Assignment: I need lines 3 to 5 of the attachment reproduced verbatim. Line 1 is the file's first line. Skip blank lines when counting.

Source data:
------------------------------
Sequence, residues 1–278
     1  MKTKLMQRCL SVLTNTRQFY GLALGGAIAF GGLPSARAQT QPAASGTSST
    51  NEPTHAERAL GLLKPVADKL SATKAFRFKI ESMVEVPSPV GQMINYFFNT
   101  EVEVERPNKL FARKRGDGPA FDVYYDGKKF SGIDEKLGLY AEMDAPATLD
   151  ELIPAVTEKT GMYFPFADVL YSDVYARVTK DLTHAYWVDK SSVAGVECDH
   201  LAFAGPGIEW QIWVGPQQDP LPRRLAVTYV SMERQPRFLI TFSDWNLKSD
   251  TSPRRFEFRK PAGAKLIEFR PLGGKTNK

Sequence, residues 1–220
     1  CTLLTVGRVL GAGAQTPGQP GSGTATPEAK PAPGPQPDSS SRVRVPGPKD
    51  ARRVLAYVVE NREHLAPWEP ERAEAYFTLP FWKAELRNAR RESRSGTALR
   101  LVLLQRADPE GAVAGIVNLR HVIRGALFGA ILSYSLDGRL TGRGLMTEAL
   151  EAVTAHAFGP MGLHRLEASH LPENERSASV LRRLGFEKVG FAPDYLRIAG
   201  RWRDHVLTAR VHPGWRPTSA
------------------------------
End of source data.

    51  NEPTHAERAL GLLKPVADKL SATKAFRFKI ESMVEVPSPV GQMINYFFNT
   101  EVEVERPNKL FARKRGDGPA FDVYYDGKKF SGIDEKLGLY AEMDAPATLD
   151  ELIPAVTEKT GMYFPFADVL YSDVYARVTK DLTHAYWVDK SSVAGVECDH